The Owambo tribe – face of Namibia

The Owambo People of Namibia

The Owambo people are synonymous with Namibia and are the largest cultural sector found in this country, representing over a third of Namibia’s total population. Concentrated mostly in the north, the Owambo consist of eight tribes, namely the Ndonga, Kwambi, Ngandyela, Mbalanhu, Nkolonkadhi and Unda tribes.

The Owambo people are a resourceful and productive tribe and are active in all areas of the economy from agriculture and fishing to trading. They cultivate maize, sorghum, beans, melons, onions and mahango, a type of millet. They fish when the low lying areas fill with water from Angola and then drive their cattle onto the fertile grazing lands which are left behind when the waters subside. Manure produced by these cattle is used to fertilise their crops which are cultivated on the higher ground where the floods do not reach.

They are keen traders and cuca shops (small bars) and food markets are plentiful wherever the Owambo’s are found. Home industries selling clothing, carvings, pottery and baskets are another favourite business venture of the Owambo, particularly the womenfolk. Most Owambo families are involved in retail activities of some kind and many have extended their enterprises further into Namibia and beyond, to Angola.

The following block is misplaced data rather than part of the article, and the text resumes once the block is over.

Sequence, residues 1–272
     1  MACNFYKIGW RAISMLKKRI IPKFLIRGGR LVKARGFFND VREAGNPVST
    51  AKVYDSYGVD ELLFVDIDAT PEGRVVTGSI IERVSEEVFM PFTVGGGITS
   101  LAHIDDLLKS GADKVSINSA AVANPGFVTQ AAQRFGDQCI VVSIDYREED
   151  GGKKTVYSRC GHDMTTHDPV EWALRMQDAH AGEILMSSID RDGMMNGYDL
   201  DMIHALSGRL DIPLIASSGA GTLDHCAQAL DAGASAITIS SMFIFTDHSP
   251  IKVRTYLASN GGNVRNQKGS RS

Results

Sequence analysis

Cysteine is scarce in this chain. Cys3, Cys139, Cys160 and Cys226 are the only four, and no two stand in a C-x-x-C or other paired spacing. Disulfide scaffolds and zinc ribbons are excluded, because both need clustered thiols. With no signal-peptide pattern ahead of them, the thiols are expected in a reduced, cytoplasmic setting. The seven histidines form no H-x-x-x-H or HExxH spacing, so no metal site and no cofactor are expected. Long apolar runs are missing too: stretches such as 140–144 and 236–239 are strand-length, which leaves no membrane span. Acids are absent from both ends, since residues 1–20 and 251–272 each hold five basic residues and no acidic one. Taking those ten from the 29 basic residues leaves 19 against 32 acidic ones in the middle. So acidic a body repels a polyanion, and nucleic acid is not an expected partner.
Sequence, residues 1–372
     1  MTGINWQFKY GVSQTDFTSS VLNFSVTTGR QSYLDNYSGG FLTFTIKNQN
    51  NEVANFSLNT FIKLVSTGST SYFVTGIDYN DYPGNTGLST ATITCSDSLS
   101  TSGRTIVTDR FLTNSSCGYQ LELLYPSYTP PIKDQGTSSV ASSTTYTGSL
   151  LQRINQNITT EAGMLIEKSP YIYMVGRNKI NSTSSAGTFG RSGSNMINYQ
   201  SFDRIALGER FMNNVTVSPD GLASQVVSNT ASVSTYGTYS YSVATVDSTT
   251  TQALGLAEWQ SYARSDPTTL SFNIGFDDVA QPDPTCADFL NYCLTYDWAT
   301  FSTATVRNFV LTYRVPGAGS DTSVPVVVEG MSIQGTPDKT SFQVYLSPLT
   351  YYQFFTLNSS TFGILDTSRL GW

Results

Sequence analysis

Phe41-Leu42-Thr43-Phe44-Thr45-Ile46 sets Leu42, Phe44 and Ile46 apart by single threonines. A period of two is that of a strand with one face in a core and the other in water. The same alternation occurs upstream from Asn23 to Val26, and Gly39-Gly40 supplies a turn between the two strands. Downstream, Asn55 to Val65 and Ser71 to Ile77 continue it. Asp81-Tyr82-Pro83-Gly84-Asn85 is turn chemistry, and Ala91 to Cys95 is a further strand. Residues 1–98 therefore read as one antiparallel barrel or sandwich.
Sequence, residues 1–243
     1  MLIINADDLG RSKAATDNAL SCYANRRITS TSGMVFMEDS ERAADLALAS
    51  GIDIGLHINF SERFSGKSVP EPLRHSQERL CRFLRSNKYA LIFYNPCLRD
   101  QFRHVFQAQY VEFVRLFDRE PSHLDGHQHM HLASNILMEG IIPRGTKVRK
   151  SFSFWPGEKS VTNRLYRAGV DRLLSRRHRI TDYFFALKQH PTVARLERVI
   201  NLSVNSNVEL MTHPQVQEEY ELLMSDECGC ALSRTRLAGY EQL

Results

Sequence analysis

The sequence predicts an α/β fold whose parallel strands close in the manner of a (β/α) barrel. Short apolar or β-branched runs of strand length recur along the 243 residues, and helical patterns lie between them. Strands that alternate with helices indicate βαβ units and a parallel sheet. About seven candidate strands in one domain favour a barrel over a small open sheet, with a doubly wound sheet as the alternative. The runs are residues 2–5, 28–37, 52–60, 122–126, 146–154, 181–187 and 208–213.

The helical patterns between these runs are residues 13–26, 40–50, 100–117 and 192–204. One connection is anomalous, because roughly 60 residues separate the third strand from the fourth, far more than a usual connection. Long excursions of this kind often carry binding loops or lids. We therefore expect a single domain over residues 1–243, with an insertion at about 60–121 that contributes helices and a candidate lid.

Before colonisation, the Owambo society consisted of a king and his headmen in each of the Owambo groups and although succession was matrilineal, the king had the final say in all matters. The women were responsible for cultivating the land and raising the children while the men attended to the cattle and important tribal matters. Today only three of the Owango tribes still recognise a chief and many of their traditional customs have made way for Christianity and modern ways of life.

Traditional homesteads consisting of palm huts enclosed with wooden pole fences can still be seen in some places and the Nakambale Museum and traditional village is a good re-creation of a traditional Owambo kraal. This facility is also an example of community-run accommodation in Namibia, where the local tribesman own and manage the facility. 

Please Note: The details shared herein were correct at the time of publishing. However, with time some of this information may change. We recommend confirming information with suppliers prior to making final travel arrangements. If you do happen to find an issue with any information we’ve shared here, please feel free to contact us so that we can make the relevant changes.


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